Improving the cash conversion cycle will lead to increased cash flow—unless you overdo it!
Business owners tend to overdo it in three common areas of the cash conversion cycle.
First, sometimes an owner will become so concerned about bad debts that they will impose extremely tough restrictions on granting credit. This can also be used to your advantage if one of your competitors has similarly tough credit terms.
When I was the CFO at our regional Coca-Cola bottling plant, I changed our terms so that any new business would automatically be granted credit. We obviously watched these new customers closely and quickly switched them to COD if they failed to pay. The result was that over 80 percent of new businesses offered only Coke products.
Second, inventory is sometimes reduced to the point that the company loses sales. This is particularly true for seasonal businesses.
Coca-Cola products are in high demand for holidays such as Christmas and the 4th of July. And customers want the product for the holiday not after it.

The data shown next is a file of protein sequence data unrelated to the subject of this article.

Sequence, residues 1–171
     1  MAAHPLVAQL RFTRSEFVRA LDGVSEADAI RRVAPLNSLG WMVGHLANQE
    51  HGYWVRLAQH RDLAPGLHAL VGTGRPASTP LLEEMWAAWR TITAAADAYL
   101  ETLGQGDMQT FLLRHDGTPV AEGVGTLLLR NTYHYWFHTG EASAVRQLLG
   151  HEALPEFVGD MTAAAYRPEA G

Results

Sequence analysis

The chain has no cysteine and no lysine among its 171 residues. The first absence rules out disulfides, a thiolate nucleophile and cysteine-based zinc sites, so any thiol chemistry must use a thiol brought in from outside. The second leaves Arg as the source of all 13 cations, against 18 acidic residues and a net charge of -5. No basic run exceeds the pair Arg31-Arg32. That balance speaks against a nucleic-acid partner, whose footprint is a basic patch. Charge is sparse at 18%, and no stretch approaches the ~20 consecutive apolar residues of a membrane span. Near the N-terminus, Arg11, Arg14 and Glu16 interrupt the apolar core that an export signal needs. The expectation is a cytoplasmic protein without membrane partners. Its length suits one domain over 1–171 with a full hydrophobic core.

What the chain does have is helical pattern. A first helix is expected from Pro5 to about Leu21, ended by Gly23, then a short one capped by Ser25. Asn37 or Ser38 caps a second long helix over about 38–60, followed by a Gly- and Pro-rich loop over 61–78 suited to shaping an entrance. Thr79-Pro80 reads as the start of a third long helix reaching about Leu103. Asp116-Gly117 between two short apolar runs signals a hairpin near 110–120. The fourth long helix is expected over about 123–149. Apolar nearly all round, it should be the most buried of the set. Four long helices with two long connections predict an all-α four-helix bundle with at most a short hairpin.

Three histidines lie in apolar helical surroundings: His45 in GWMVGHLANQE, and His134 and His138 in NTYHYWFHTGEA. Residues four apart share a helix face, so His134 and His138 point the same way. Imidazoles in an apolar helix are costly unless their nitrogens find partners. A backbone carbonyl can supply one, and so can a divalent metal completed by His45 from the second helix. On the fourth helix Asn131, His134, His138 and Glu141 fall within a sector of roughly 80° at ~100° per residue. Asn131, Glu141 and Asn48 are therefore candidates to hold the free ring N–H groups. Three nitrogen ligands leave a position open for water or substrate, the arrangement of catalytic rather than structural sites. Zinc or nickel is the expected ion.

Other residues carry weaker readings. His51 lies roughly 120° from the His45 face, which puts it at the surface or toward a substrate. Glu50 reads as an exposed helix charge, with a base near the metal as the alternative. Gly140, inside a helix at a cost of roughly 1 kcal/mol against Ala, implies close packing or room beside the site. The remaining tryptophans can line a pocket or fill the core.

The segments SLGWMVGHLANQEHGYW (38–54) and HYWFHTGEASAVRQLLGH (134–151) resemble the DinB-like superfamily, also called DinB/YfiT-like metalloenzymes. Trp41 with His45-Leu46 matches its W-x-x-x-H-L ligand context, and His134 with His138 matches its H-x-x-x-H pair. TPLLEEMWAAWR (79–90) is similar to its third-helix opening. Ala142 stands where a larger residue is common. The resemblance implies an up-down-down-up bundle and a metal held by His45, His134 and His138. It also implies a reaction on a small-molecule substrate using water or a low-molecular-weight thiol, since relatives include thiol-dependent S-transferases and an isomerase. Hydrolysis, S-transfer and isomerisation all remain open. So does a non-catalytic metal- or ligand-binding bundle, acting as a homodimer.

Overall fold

At Coca-Cola our production manager was told to keep inventories at a pre-determined level. Normally, this level was sufficient. But during the holidays it was common for the stores to run out of product. The customer would buy whatever was available and the sale was lost forever.
Third, the business owner continually delays paying vendors and operating expenses.
Taken to its extreme, this approach can result in loss of prompt payment discounts, bad credit, and quite often, higher prices.
So yes, improve your cash conversion cycle, but don't overdo it. Remember, pigs get fat but hogs get slaughtered. Don't be a hog. Use common sense to optimize your cash conversion cycle.